High specific blocking of the tracer in the brain was not hampered by observed hydrophilic blood metabolites.
Apart from a high specific central MCHR1 uptake, the blocking experiments hinted at a MCHR1-related uptake of [18F]FE@SNAP also in the adrenals, eyes, tongue, muscle, pancreas and colon which is in line with literature [3, 20, 21]. However, statistical analysis of the %ID/g of these organs only revealed specific blocking in the adrenals. The specific blocking in the heart raises the question whether MCHR1 might be expressed there too.
With regard to future application of the tracer, it is promising that no defluorination and insignificant uptake of 18F-fluoride into the bone were observed.
It is noteworthy that throughout the jugular vein injection, rats were conscious during tracer application and distribution; hence, potential influence of anaesthesia was completely excluded. Therefore, specific binding and blocking resulted directly from the investigated compounds.
The high resolution of ex vivo autoradiography using a Phosphor Imager allowed identification of specific uptake of [18F]FE@SNAP in the lateral hypothalamus and in the ependymal cells of the third ventricle epithelium. Hence, as a consequential step, future small-animal PET experiments are feasible.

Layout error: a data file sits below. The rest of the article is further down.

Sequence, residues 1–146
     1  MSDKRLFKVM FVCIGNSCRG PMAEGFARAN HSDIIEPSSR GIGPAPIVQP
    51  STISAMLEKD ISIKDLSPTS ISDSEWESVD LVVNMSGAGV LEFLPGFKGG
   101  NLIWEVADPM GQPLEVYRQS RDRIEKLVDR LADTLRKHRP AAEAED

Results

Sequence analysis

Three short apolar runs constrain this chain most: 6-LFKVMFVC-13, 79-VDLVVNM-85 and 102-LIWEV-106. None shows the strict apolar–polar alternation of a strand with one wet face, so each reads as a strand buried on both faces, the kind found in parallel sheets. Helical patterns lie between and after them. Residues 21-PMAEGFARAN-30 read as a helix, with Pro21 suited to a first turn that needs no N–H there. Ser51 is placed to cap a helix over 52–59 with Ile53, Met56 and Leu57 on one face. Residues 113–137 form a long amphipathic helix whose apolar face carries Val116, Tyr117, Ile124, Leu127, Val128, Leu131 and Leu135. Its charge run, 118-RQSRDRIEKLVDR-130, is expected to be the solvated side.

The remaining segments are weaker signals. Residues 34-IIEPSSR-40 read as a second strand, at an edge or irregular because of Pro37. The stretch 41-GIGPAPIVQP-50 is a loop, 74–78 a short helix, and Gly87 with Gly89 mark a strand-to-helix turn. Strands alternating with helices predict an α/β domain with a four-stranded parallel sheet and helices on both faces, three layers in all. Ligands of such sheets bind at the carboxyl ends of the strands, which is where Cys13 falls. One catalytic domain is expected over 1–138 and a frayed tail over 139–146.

Since the MCHR1 is predominantly expressed in the lateral hypothalamus as well as in the ependymal cells of the third ventricle epithelium, a tracer for the MCHR1 should show specific uptake and be significantly blocked by an unlabeled ligand in these areas. [18F]FE@SNAP proved these characteristics, which provides strong evidence that it is a highly specific agent for MCHR1 imaging. Involvement of MCHR1 was reported in diabetes and obesity, and MCHR1 has also been related to asthmatic seizures, colitis, depression, anxiety and promotion of sleep. Against this background, [18F]FE@SNAP could serve as a useful tool for imaging and therapy monitoring for MCHR1-related pathologies.
This scientific project was performed with the support of the Medical Imaging Cluster of the Medical University of Vienna.
This study was funded by the Austrian Science Fund (FWF P20977-B09, FWF P26766).
All applicable international, national and/or institutional guidelines for the care and use of animals were followed. All procedures and protocols using animals have been approved by the Institutional Animal Care and Use Committee of the Medical University of Vienna, Austria, as well as by the Austrian Ministry of Science, Research and Economy (BMWF-66.009/0268-II/3b/2012 and BMWFW-66.009/0029-WF/V/3b/2015).
This article does not contain any studies with human participants performed by any of the authors.